The second insight belongs to the realm of the emotions. The pessimistic narrative to the effect that the climate change tipping point has already passed is, she says, counter-productive. On the contrary, her research has found that what moves people to action is positive emotions. “Instead of feeling guilty because you’re part of the problem, you feel proud because you’re part of the solution. I think the key message to convey is that action is possible. It’s a difficult problem. It’s a wicked problem. But we know what needs to happen in terms of renewables, in terms of nuclear power, in terms of carbon capture… And we also know it’s not going to bankrupt us. It’s going to be very good for parts of the economy. And, on top of that, individual behavior in the private sector can make a difference. So telling people what are the most effective actions they can take, in their jobs and as citizens of their country, is I think a really important message that the media should be trying to transmit.”

The third insight uncovered by Weber’s research is the immediacy of experience. For her, the most effective means to make people aware is having personally witnessed or lived through something: “When you see it happening in your backyard, when you see hurricanes become so much more intensive and coming every two weeks rather than two per season. I think personal experience is a very powerful teacher.”

The first psychologist to serve on the IPCC

Until 2010, no expert from the field of psychology had been invited to serve on the IPCC. Weber was the first, out of a team of literally thousands of scientists: “There were more moral philosophers than psychologists on board. In part, it was because the economists thought they knew how people make decisions. And if you assume they make them rationally, you don’t need a psychologist for that.” In this respect, she sees herself as “a missionary for behavioral decision theory,” and this initial contribution was just the first of many. “Now, we have our first ever standalone chapter on demand-side solutions and social processes. So in one seven-year cycle, there have been huge advances.”


The awardee researcher was nominated by Susan T. Fiske, Eugene Higgins Professor of Psychology and Public Affairs at Princeton University (United States) and BBVA Foundation Frontiers of Knowledge Laureate in the Humanities and Social Sciences, and Simon A. Levin, James S. McDonnell Distinguished University Professor in Ecology and Evolutionary Biology at Princeton University (United States) and BBVA Foundation Frontiers of Knowledge Laureate in Ecology and Conservation Biology.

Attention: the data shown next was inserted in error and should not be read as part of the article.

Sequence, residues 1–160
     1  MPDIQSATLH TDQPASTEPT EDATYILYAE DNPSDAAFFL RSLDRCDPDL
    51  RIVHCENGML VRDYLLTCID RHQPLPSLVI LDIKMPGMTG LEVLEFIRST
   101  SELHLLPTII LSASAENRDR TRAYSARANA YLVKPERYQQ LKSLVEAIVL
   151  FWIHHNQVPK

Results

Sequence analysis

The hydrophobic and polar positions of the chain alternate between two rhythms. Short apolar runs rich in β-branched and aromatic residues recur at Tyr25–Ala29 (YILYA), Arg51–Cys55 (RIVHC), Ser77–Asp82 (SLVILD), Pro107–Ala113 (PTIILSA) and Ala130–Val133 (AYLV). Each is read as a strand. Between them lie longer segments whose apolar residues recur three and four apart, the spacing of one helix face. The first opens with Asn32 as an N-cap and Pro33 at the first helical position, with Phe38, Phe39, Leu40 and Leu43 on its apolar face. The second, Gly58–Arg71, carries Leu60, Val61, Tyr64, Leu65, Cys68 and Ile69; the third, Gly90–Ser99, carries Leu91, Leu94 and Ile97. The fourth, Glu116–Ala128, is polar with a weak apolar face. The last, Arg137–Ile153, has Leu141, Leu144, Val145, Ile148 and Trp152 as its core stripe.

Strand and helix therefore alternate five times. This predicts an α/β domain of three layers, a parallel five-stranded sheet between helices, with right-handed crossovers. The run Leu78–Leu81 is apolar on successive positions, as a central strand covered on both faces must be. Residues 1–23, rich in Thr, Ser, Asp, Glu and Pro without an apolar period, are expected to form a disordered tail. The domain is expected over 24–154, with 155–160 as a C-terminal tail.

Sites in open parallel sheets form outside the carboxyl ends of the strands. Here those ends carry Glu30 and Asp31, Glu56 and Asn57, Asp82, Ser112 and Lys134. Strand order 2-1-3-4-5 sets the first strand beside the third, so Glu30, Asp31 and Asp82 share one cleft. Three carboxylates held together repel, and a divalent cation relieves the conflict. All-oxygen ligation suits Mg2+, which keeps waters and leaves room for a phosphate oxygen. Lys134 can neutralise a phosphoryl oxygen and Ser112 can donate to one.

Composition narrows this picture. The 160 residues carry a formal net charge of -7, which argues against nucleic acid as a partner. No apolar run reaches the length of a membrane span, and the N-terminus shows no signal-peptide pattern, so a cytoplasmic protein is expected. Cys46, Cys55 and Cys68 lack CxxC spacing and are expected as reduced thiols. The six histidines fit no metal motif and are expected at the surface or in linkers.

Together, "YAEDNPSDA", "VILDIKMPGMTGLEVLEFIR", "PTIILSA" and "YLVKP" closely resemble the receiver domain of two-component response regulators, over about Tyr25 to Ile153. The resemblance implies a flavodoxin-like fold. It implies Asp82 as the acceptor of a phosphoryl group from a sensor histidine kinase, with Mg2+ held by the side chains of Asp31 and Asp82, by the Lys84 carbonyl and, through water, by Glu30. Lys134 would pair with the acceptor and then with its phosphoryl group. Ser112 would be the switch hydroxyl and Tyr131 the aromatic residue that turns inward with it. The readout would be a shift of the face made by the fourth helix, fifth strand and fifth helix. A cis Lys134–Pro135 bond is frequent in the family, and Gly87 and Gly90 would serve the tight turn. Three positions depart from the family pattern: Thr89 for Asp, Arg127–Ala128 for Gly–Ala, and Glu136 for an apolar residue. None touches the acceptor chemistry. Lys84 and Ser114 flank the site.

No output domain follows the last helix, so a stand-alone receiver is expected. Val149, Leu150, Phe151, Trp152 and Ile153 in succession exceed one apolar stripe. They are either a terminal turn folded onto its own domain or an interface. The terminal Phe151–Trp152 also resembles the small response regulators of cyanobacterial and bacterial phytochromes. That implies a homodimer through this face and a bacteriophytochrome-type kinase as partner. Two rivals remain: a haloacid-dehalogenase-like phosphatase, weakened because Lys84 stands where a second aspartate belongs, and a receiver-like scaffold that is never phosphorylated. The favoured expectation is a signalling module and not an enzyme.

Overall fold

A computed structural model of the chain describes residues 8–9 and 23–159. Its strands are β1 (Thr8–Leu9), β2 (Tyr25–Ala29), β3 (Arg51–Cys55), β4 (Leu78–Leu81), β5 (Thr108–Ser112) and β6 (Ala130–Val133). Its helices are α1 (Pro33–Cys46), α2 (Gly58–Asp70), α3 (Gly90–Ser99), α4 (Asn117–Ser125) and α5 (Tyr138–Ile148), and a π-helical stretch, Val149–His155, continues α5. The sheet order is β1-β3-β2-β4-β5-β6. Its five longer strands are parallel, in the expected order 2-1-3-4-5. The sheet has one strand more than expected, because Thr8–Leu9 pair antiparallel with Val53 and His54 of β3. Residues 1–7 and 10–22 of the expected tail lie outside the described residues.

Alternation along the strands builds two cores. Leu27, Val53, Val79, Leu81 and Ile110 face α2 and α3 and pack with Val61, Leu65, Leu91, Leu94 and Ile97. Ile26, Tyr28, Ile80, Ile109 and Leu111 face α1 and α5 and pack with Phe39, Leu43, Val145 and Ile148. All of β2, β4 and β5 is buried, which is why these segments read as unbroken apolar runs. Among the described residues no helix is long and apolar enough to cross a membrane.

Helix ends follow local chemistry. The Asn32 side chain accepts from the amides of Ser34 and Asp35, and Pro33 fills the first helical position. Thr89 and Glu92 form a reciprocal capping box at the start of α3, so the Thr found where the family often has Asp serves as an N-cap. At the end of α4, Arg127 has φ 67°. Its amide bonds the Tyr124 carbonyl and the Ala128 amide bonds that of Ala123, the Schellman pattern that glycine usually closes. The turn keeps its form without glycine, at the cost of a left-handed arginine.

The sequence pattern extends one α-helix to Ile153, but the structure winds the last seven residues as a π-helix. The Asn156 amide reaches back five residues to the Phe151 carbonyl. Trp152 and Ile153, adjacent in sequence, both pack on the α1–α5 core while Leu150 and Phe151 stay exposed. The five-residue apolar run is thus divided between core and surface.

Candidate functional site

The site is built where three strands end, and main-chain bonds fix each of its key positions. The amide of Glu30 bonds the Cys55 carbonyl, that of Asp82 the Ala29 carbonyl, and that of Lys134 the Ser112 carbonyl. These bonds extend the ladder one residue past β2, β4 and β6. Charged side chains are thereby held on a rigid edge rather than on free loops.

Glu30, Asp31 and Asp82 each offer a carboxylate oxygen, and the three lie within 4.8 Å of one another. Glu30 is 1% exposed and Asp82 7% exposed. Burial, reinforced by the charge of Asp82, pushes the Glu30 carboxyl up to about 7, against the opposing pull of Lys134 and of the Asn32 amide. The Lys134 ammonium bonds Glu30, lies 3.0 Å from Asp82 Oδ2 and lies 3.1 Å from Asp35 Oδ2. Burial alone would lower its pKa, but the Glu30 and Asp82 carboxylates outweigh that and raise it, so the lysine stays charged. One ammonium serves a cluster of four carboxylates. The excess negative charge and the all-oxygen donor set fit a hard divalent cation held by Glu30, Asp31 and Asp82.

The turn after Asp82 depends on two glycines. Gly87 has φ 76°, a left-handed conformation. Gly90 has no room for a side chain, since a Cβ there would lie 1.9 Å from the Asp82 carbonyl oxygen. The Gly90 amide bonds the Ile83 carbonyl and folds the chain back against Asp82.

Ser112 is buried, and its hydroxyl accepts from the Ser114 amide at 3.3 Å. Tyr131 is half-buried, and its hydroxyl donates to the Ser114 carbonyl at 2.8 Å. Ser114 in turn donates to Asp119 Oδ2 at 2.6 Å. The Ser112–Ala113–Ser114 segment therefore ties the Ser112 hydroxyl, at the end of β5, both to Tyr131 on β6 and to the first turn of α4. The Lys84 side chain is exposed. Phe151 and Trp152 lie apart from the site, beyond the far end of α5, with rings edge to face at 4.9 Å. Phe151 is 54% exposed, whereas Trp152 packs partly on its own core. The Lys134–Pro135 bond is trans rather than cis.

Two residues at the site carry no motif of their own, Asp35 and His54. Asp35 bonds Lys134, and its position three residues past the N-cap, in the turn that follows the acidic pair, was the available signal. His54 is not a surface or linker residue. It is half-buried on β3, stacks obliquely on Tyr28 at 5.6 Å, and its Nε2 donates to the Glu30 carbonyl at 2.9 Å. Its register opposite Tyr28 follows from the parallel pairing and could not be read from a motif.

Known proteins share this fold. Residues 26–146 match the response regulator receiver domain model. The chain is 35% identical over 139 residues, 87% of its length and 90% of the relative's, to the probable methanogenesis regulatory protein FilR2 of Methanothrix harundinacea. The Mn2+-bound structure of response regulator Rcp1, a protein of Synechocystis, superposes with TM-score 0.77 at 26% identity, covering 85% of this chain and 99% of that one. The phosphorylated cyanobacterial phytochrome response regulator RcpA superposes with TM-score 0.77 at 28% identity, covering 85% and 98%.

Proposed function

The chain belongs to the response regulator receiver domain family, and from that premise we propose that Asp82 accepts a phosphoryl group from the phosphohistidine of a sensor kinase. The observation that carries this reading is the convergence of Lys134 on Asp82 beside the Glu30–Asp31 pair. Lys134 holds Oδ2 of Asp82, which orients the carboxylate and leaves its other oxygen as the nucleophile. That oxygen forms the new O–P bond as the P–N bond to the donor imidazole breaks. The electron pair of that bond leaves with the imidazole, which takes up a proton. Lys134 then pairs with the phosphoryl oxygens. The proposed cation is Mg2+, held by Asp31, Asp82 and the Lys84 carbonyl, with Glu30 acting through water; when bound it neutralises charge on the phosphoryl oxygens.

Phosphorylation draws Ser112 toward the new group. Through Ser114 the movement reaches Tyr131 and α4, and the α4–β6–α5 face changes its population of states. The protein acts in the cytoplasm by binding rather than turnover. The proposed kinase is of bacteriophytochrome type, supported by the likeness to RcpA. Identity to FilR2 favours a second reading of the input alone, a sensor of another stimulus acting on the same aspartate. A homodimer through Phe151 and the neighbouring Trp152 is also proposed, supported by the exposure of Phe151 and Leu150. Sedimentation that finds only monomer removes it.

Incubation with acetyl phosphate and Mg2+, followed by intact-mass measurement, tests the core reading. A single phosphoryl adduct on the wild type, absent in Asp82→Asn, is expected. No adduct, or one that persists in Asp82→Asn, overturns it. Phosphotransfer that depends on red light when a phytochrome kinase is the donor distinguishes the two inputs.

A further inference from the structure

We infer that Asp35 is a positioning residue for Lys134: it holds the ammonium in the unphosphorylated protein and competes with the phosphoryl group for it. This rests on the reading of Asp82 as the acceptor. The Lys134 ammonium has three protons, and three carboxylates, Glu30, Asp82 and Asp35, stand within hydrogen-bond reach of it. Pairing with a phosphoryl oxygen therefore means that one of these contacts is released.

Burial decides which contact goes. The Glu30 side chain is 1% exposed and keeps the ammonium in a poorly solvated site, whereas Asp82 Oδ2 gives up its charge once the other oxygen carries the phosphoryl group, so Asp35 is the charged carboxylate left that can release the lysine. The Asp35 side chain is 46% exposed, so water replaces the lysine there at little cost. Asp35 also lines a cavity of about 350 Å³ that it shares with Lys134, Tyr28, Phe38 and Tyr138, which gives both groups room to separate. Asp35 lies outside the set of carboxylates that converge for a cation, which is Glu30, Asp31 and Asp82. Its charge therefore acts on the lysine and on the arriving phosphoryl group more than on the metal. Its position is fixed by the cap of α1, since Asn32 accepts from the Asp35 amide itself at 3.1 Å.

Humanities and Social Sciences committee and evaluation support panel

The committee in this category was chaired by Simone Schnall, Professor of Experimental Social Psychology at the University of Cambridge (United Kingdom), with Brian Parkinson, Professor of Social Psychology at the University of Oxford (United Kingdom), acting as secretary. Remaining members were Isabel Burdiel, Professor of Modern History at the University of Valencia (Spain); Bruno Cautrès, a Research Fellow of the National Centre for Scientific Research (CNRS) at CEVIPOF-Sciences Po (France); and Cees Midden, Professor Emeritus of Human-Technology Interaction at Eindhoven University of Technology (The Netherlands).

The evaluation support panel of the Spanish National Research Council (CSIC) was coordinated by Sebastian Rinken, Tenured Scientist at the Institute of Advanced Social Studies (IESA, CSIC), and formed by: Héctor Cebolla Boado, Scientific Researcher at the Institute of Economics, Geography and Demography (IEGD-CCHS, CSIC); Marta Fraile Maldonado, Tenured Scientist and Deputy Director at the Institute of Public Goods and Policies (IPP-CCHS, CSIC); and Ana López Sala, Scientific Researcher at the Institute of Economics, Geography and Demography (IEGD-CCHS, CSIC).

About the BBVA Foundation Frontiers of Knowledge Awards

The BBVA Foundation centers its activity on the promotion of world-class scientific research and cultural creation, and the recognition of talent.

The BBVA Foundation Frontiers of Knowledge Awards, funded with 400,000 euros in each of their eight categories, recognize and reward contributions of singular impact in physics and chemistry, mathematics, biology and biomedicine, technology, environmental sciences (climate change, ecology and conservation biology), economics, social sciences, the humanities and music, privileging those that significantly enlarge the stock of knowledge in a discipline, open up new fields, or build bridges between disciplinary areas. The goal of the awards, established in 2008, is to celebrate and promote the value of knowledge as a public good without frontiers, the best instrument to take on the great global challenges of our time and expand the worldviews of individuals for the benefit of all humanity. Their eight categories address the knowledge map of the 21st century, from basic knowledge to fields devoted to understanding and interrelating the natural environment by way of closely connected domains such as biology and medicine or economics, information technologies, social sciences and the humanities, and the universal art of music.

The BBVA Foundation is aided in the evaluation of nominees by the Spanish National Research Council (CSIC), the country’s premier public research organization. CSIC has a preferential role in the appointment of members to the evaluation support panels made up of leading experts in the corresponding knowledge area, who are charged with undertaking an initial assessment of the candidates proposed by numerous institutions across the world, and drawing up a reasoned shortlist for the consideration of the award committees. CSIC is also responsible for designating each committee’s chair and participates in the selection of remaining members, thus helping to ensure objectivity in the recognition of scientific excellence.